An ambitious project to build a 7.5MW* solar PV power plant in one of the world’s least electrified countries has reached commercial operation.
Located in Mubuga in the Gitega Province, the project – which is the country’s first grid-connected solar project by an independent power producer (IPP) – has added approximately 10% to Burundi’s strained baseload generation capacity.
It has also increased Burundi’s resilience to climate change and improved its energy security by diversifying its energy mix to include solar, since the country currently relies largely on hydropower which is increasingly affected by droughts and imported diesel for gensets.
The project was developed as a public-private partnership between the Government of Burundi and developer Gigawatt Global Coöperatief (Gigawatt) and is expected to pave the way for other renewable energy projects in the country.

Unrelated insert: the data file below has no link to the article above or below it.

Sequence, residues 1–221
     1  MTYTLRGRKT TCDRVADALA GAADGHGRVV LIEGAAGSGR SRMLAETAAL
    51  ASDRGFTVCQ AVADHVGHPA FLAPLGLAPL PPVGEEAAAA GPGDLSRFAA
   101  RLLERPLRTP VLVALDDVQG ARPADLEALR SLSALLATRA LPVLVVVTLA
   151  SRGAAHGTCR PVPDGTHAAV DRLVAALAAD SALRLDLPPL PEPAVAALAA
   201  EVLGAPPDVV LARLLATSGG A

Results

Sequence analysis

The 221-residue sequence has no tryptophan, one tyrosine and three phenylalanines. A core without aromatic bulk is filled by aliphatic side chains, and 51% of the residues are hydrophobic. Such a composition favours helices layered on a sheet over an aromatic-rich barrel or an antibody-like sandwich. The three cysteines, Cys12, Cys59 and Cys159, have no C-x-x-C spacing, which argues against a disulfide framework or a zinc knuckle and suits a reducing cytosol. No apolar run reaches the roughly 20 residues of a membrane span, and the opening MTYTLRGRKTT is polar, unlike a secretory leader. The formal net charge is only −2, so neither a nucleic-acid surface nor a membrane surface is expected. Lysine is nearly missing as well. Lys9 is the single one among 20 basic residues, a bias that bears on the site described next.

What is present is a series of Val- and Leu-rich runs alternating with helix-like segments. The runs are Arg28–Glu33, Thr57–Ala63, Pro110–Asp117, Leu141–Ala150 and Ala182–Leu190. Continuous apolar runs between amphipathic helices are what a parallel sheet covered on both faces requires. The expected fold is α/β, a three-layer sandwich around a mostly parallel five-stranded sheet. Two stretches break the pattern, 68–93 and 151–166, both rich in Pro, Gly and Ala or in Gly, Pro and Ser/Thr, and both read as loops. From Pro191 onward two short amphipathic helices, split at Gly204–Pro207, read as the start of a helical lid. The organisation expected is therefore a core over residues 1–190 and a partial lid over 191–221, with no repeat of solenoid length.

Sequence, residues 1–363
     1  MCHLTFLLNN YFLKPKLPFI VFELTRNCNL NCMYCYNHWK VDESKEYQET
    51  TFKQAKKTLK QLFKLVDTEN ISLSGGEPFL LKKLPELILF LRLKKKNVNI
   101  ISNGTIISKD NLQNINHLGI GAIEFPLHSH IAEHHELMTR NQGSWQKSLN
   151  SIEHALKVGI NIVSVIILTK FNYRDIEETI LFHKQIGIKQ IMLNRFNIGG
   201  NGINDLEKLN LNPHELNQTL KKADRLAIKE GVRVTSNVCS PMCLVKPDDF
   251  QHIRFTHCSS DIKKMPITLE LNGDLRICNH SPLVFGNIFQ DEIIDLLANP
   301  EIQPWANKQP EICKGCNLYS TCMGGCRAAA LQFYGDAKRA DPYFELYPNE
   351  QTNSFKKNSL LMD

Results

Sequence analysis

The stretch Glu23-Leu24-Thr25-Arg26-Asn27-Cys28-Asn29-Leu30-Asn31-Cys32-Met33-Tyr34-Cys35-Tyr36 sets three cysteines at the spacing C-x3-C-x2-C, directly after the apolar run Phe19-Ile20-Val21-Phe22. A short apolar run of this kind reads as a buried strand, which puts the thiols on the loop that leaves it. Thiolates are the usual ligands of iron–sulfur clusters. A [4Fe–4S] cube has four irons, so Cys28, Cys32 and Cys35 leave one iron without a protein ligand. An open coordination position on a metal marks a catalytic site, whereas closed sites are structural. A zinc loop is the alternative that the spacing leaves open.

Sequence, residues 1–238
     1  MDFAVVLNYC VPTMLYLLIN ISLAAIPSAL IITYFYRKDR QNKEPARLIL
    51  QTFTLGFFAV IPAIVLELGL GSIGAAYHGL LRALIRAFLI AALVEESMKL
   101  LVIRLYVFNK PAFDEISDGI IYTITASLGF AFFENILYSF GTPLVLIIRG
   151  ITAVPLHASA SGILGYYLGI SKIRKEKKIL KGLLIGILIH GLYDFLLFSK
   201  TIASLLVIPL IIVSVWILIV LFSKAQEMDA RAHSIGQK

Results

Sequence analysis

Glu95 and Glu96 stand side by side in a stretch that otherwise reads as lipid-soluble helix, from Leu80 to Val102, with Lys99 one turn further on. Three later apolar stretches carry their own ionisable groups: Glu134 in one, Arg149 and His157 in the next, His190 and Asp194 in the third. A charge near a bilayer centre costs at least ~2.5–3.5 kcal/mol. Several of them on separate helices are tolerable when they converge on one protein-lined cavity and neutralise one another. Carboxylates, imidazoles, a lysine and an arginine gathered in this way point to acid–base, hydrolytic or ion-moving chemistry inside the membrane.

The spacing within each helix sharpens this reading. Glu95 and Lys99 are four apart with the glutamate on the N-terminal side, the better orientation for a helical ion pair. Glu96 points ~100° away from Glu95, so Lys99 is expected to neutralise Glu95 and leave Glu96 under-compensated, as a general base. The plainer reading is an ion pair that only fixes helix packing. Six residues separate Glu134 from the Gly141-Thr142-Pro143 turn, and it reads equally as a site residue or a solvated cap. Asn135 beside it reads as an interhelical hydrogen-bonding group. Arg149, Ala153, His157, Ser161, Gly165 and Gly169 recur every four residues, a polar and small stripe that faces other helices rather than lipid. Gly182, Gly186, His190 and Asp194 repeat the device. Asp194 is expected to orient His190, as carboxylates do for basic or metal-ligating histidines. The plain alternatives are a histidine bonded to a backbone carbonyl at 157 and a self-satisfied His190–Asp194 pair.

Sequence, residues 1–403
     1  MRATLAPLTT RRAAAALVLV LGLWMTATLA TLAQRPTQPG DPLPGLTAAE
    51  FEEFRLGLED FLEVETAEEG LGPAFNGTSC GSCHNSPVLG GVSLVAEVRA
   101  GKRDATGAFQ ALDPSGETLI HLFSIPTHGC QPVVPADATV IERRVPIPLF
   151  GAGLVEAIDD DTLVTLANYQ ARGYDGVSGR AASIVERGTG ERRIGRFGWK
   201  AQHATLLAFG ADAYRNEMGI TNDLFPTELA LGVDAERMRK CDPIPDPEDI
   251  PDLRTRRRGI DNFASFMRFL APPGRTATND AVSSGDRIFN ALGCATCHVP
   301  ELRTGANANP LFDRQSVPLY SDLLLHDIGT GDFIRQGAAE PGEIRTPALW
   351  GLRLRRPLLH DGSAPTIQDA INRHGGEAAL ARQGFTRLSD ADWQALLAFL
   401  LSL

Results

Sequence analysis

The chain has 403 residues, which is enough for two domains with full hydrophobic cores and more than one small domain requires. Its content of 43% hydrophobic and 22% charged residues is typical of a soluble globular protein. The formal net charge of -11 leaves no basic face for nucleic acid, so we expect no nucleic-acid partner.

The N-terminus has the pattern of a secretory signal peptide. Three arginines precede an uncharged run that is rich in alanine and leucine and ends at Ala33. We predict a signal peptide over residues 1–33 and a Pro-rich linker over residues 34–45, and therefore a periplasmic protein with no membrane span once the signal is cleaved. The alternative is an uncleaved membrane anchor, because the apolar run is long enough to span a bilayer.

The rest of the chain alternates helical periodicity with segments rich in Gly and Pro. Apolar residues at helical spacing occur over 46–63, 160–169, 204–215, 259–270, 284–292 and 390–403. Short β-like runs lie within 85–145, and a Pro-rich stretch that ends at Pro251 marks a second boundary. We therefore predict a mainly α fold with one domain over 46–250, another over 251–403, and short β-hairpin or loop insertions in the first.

Full construction of the plant got underway in January 2020 after the project had become the first REPP-supported grid-connected project to achieve financial close in 2019.
Commercial operation was achieved in 2021 following a series of delays due to COVID-19, and it is estimated that the plant is now supporting the electricity needs of approximately 90,000 people and businesses through the improved stability of the local distribution network.
Around 190 full time jobs were created during construction, of which around a half were held by women, and up to 25 long-term jobs during the ongoing operational phase.
Gigawatt Global is also building a community center powered by solar energy that will offer local access to productive use of electricity. The center will focus on community development through women’s empowerment and youth and employment programs, along with various educational components being developed with local and international NGOs.
REPP has supported the development of the Mubuga project since December 2016, culminating in a construction bridge loan (alongside Evolution II Fund, managed by Inspired Evolution Investment Management) and a subordinated term loan.
As the first of its kind in Burundi, the project has a strong demonstration impact, building capacity within government and strengthening political buy-in and support for small-scale utility renewables, thereby establishing a more viable market for renewable energy projects in the country.